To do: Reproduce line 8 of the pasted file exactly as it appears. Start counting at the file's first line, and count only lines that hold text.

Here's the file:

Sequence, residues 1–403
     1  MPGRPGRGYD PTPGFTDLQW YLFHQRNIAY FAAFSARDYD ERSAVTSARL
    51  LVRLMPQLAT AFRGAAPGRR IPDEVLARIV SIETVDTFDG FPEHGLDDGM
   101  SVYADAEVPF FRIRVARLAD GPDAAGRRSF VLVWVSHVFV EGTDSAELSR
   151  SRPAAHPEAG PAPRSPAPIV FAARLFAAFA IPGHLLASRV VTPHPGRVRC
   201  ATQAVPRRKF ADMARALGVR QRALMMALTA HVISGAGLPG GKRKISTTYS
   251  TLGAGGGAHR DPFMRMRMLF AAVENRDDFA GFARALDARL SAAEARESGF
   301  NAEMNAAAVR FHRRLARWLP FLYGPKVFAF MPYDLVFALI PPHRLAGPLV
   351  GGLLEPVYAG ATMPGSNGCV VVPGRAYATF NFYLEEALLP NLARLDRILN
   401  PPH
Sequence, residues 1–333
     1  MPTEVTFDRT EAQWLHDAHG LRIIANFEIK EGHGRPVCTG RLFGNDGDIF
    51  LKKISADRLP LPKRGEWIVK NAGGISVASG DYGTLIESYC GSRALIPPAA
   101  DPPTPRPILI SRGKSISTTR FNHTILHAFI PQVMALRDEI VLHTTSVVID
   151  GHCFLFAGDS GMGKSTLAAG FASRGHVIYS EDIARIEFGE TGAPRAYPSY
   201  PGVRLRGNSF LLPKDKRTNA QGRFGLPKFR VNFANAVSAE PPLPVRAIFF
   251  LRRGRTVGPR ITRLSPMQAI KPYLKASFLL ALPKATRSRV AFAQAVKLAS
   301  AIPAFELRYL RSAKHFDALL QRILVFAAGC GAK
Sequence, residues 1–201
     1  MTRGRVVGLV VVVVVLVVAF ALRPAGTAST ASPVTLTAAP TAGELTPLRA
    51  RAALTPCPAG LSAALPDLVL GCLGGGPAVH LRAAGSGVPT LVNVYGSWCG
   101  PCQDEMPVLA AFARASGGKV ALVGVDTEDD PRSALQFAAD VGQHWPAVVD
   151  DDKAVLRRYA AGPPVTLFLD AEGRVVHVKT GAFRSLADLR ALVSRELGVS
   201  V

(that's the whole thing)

   301  NAEMNAAAVR FHRRLARWLP FLYGPKVFAF MPYDLVFALI PPHRLAGPLV